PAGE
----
Help! I’ve been mindjacked!

What’s a mindjack, you ask? It’s a hijack of a very different sort, a mental takeover. It’s what I often wish I could do to get my hubby to get with my plan, but I’m a true zero, and that’s not mesh. Sorry if that sounds like Greek; I said I was mindjacked, and that includes a knowledge of future slang. Interpreted, “that’s not mesh” means it’s not cool, and “I’m a true zero” means I can’t read a single mind, not even my own. But how did I get mindjacked?

Open Minds did it. A book, nothing more than a bunch of thin paper bound in thicker paper, mindjacked me. But what a book.

I say that because if Open Minds mindjacked me for two days, it can mindjack you too. After my first two book-reading walks, and those were long ones over 2 days, I couldn’t put the book down again. Round and round the block I went like a puppet on a string. I finally collapsed on my couch and became a couch potato until hubby complained about me staying up late. Then I read in bed until I finished, bleary-eyed, in the wee hours.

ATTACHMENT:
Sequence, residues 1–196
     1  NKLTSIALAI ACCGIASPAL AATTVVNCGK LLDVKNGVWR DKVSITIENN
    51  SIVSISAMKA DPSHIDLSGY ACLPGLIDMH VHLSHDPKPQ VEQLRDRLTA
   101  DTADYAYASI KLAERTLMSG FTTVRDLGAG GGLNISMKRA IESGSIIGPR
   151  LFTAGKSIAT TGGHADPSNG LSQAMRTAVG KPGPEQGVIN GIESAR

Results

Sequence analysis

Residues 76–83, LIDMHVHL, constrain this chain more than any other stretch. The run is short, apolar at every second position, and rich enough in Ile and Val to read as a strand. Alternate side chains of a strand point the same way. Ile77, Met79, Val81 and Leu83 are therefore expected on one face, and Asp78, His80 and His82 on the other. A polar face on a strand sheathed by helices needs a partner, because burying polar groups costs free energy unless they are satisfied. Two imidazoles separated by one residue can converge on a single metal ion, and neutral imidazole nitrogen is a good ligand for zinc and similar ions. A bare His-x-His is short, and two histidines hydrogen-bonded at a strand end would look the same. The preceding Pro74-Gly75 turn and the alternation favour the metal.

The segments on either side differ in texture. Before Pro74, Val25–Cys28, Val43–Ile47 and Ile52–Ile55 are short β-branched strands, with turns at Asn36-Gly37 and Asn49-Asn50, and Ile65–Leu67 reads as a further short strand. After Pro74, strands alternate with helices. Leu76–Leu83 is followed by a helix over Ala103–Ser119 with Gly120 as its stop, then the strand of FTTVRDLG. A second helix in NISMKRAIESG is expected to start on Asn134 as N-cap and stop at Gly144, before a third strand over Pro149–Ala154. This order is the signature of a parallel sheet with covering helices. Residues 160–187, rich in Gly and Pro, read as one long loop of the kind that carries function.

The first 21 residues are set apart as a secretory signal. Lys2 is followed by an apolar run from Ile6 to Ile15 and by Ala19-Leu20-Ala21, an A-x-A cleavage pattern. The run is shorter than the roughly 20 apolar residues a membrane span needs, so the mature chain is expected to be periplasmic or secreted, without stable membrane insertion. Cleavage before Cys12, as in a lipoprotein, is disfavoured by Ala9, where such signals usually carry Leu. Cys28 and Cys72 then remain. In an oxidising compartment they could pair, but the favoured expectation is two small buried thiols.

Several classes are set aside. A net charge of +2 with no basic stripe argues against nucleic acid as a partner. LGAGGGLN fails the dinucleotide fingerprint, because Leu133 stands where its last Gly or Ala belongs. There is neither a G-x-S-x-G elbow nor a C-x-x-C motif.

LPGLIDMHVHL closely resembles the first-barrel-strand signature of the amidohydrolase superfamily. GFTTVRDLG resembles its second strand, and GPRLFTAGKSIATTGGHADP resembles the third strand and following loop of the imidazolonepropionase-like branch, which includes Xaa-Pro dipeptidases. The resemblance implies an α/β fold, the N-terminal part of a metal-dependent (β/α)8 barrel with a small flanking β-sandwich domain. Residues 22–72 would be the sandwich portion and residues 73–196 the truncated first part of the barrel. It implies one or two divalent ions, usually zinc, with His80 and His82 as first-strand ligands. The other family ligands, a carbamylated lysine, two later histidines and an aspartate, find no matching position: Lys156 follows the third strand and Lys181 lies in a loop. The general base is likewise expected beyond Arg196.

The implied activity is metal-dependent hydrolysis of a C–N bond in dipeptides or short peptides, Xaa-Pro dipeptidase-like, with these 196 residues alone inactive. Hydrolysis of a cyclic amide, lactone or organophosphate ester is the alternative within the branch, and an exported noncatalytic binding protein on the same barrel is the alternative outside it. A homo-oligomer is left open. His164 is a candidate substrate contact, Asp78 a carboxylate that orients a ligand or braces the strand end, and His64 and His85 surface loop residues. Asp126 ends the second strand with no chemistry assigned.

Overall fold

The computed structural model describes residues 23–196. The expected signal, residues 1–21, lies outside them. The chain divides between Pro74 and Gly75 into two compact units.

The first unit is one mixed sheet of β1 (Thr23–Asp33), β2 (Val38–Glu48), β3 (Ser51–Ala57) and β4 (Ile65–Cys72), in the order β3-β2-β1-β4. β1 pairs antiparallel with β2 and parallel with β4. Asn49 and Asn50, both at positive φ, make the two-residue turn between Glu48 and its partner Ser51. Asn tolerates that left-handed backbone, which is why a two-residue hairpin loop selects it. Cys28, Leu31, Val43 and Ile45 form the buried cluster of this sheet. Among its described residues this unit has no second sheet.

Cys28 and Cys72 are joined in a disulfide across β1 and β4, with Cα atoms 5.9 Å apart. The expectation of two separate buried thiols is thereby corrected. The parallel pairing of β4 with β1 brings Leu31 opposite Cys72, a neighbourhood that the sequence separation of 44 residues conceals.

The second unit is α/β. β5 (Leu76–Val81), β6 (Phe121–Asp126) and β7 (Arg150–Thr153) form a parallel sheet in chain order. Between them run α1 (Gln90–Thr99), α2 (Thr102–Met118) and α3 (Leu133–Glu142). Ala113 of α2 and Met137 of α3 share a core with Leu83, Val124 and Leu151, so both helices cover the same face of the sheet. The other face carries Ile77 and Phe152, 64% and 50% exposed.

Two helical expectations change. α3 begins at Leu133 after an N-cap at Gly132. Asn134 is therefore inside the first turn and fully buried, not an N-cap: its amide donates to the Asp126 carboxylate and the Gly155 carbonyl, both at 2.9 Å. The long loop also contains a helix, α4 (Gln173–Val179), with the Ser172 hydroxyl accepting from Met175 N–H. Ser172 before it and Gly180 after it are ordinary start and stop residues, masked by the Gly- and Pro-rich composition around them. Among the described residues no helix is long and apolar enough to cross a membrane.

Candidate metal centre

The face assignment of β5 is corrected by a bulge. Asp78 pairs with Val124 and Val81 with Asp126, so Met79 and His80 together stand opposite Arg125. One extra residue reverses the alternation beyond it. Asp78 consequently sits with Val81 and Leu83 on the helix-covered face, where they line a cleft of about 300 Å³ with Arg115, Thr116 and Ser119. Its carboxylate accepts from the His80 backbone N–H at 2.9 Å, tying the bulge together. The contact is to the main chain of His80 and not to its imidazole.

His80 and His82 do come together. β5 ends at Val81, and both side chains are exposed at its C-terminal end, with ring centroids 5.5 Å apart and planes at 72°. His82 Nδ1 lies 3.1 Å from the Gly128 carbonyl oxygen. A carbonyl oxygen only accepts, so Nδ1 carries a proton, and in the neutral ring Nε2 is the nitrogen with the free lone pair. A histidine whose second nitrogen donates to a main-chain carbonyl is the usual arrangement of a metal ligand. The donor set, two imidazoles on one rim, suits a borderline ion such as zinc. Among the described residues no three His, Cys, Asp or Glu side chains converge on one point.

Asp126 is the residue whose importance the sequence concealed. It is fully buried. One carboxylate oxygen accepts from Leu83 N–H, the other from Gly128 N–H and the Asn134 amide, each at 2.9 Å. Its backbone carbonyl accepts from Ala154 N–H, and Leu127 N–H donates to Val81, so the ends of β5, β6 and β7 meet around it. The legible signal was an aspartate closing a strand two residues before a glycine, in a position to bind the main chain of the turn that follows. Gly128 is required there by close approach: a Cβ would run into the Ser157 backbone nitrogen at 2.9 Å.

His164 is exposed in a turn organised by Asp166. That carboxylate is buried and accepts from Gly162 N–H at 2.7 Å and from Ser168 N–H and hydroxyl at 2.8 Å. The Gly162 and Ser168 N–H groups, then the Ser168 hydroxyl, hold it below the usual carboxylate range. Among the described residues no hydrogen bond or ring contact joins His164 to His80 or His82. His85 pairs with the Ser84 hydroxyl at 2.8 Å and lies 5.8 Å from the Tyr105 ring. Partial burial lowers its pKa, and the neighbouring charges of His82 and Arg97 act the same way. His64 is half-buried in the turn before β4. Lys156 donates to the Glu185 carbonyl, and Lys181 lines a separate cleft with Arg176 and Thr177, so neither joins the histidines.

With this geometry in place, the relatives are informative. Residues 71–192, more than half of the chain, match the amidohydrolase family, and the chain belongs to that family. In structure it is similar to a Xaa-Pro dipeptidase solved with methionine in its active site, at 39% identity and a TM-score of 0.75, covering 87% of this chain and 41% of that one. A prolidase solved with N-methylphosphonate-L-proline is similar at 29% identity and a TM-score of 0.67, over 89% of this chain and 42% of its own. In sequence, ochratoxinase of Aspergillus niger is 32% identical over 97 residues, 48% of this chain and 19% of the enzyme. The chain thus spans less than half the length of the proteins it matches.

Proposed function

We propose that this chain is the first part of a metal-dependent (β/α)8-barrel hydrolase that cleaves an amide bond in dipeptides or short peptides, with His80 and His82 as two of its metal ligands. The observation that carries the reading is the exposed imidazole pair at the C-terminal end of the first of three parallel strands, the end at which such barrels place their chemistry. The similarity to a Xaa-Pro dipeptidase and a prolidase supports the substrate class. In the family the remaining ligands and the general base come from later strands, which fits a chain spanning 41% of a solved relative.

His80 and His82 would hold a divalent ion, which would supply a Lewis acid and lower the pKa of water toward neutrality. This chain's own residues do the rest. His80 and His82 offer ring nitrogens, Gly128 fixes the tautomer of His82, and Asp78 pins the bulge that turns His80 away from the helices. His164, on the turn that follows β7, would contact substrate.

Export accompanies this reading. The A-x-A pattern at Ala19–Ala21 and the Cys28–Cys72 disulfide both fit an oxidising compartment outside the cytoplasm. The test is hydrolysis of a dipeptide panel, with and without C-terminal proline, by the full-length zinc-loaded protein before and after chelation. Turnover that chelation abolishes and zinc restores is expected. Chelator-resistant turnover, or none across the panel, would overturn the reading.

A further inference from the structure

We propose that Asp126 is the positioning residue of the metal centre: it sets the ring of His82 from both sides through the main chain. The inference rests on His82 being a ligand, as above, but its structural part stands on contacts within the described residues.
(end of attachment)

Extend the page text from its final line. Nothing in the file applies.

Open Minds had all the tension of The Hunger Games, but with less gore and more mental horror. Sure, Katniss played mind games, but Kira took them to a whole new level.

Here’s the Goodreads description: “Sixteen-year-old Kira Moore is a zero, someone who can’t read thoughts or be read by others. Zeros are outcasts who can’t be trusted, leaving her no chance with Raf, a regular mindreader and the best friend she secretly loves. When she accidentally controls Raf’s mind and nearly kills him, Kira tries to hide her frightening new ability from her family and an increasingly suspicious Raf. But lies tangle around her, and she’s dragged deep into a hidden world of mindjackers, where having to mind control everyone she loves is just the beginning of the deadly choices before her.” Any more would spoil the plot.

Here’s where I confess to a total inability to turn off my editor’s eye. This book is the best edited I’ve read in many years, and I read a lot. Don’t read Open Minds for its form though, read it for its function–a fantastic thriller that will make you cry, and cry for more.